As farm tractors surround Queen’s Park and heavy trucks make their way into downtown Toronto to protest Ontario’s two-year-long COVID-19 mandates, Ontario premier Doug Ford is calling the Ottawa trucker convoy an “occupation.”

Ford made the comments Friday while appearing virtually at an online premiers’ conference.

“Regarding Ottawa, the occupation. It’s not a protest anymore. It’s become an occupation,” Ford said. “It’s only hurting families. It’s hurting businesses that these folks are supposed to be supporting, but it’s hurting businesses in a big way. People want to move on and to get through this. It’s time for this to come to an end. And we’re moving in the right direction.”

Ford said he was already planning on getting rid of some COVID restrictions before the Freedom Convoy got to Ottawa on Jan. 29 and before another set course for Toronto on Friday.

“You know what’s a shame?” Ford said. “Everyone worked so well together for 22 months – not just here in Ontario, across Canada, and, you know, the public health measures are being lifted as we speak.”

“We went for the first stage; we are going to the second stage shortly. There’s one thing that brings everyone together no matter if you’re in Ontario or across Canada is working together to get out of this.”

It is currently against the law in Ontario to have private indoor gatherings of more than 10, while outdoor events are capped at 25. Public events are allowed to have 25 people inside, while facilities such as restaurants, bars, gyms and movie theatres are all at half capacity.

As with other provinces, Ontarians need to show proof of two COVID shots to enter restaurants, bars, dance clubs, convention centres, meeting spaces, gyms, waterparks, sporting events, casinos, theatres and other facilities.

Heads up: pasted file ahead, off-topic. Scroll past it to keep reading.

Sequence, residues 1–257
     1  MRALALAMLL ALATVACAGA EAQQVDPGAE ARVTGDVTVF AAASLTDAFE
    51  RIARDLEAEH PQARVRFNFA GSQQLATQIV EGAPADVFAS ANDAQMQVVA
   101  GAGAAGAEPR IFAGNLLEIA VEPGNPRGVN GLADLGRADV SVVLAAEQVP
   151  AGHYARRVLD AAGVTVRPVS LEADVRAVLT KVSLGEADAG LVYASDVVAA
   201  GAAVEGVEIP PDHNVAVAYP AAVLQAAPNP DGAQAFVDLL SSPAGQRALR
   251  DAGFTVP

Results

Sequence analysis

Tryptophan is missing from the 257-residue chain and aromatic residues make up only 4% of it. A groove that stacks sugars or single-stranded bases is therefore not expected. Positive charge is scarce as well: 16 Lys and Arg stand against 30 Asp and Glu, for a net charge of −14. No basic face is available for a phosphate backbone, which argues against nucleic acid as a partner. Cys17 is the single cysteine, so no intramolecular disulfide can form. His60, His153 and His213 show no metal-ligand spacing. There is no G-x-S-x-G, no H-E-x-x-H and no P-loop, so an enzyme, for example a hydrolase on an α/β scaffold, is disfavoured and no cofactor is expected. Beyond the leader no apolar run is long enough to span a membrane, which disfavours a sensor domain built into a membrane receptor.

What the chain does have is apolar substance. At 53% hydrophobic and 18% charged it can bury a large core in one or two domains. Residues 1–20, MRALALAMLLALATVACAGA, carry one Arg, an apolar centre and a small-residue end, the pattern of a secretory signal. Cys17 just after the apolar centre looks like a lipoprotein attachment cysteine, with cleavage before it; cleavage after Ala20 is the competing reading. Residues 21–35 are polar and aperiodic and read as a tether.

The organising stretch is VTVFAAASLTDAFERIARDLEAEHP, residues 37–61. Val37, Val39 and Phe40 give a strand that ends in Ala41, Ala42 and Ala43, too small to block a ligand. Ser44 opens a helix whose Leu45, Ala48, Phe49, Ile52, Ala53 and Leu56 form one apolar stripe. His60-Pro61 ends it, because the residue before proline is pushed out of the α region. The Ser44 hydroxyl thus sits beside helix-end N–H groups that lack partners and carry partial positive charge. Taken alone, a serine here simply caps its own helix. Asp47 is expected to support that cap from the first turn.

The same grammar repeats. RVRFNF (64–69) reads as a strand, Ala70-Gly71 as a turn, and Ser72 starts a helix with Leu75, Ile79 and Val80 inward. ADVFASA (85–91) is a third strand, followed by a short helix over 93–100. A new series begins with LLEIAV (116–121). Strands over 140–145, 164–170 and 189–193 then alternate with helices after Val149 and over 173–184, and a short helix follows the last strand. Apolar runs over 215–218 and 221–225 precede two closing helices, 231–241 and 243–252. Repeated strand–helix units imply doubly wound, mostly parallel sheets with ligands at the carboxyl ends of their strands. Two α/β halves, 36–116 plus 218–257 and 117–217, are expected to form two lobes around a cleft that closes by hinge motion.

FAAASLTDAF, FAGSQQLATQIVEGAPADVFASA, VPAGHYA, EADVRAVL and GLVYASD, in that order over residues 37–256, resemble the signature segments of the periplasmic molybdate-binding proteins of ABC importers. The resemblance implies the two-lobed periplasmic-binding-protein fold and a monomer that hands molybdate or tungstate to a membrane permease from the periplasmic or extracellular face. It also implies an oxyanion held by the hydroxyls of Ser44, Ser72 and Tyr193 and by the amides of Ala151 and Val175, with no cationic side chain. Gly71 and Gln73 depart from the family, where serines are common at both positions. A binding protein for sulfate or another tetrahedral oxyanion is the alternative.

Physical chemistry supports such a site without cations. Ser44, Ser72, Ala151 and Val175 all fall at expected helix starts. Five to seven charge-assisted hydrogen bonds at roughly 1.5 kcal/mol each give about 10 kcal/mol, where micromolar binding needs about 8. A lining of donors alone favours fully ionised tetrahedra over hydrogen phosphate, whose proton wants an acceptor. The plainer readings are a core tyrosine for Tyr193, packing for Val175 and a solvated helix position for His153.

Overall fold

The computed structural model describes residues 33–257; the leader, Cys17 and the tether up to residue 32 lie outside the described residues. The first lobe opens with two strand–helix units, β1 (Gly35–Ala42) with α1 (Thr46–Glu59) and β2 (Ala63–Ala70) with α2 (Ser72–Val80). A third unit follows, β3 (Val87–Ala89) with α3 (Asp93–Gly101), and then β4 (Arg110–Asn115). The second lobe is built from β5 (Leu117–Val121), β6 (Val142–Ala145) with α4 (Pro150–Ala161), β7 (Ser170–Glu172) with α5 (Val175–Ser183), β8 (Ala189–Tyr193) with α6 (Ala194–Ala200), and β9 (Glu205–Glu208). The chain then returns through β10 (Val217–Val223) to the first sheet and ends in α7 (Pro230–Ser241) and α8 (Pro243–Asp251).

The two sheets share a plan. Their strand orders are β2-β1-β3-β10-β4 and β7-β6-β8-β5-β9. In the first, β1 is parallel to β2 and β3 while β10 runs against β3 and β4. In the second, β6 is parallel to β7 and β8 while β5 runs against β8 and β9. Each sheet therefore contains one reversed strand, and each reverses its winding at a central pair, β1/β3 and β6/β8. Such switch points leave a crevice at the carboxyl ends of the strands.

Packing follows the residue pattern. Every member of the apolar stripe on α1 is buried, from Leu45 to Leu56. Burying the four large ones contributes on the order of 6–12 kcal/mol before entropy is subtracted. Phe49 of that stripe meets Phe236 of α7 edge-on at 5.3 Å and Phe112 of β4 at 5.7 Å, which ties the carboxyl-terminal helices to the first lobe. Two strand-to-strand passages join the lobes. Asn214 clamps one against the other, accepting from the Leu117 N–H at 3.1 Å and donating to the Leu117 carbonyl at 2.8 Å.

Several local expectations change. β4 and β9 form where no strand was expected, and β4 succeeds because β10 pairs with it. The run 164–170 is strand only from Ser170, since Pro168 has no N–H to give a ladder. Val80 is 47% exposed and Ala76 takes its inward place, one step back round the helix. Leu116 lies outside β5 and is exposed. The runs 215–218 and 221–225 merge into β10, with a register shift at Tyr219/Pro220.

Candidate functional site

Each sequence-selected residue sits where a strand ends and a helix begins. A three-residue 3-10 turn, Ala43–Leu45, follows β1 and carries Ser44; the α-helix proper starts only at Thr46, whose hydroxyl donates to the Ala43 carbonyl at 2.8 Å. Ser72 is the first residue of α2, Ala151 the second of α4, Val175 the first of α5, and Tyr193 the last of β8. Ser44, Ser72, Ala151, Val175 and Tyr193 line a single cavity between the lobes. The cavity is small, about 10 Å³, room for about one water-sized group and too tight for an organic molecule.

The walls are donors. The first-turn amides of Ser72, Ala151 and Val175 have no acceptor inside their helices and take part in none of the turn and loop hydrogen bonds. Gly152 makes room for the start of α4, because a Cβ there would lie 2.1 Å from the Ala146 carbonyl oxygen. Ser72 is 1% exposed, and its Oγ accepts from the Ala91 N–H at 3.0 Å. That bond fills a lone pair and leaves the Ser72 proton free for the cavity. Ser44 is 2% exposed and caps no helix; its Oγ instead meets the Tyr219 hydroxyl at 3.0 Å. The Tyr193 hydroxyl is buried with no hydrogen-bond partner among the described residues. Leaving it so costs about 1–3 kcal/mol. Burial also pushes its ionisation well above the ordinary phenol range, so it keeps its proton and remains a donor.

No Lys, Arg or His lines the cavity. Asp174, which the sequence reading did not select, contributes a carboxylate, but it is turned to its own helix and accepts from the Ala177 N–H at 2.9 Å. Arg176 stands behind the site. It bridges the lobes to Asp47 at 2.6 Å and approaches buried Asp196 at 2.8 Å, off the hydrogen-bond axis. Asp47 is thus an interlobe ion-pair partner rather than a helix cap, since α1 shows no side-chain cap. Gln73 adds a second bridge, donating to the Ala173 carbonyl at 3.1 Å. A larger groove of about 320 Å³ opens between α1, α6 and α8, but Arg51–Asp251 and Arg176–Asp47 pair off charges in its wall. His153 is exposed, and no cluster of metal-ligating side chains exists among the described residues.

People also must wear masks indoors in places such as shopping malls, grocery stores and sporting events.

“If you think myself, or any of the premiers like this, you think we like, you know, lockdowns or public health measures?” Ford asked himself. “We don’t; they were necessary.”

Ontario is set to fractionally increase capacity limits for indoor and outdoor events on Feb. 21, and to remove most capacity limits March 14.

Ford has not, however, announced any plans to get rid of the COVID vaccine passport in Ontario, and the province’s website says even after March 14 that “proof of vaccination will be maintained in existing settings in addition to other regular measures.”

Ford’s comments came the same day GoFundMe announced it had cancelled the Freedom Convoy’s fundraiser, saying that it “now has evidence that the previously peaceful demonstration has become an occupation, with police reports of violence and other unlawful activity.”

To date, only Alberta Premier Jason Kenney and Saskatchewan Premier Scott Moe have committed to lifting all of their provinces’ COVID restrictions in the near future.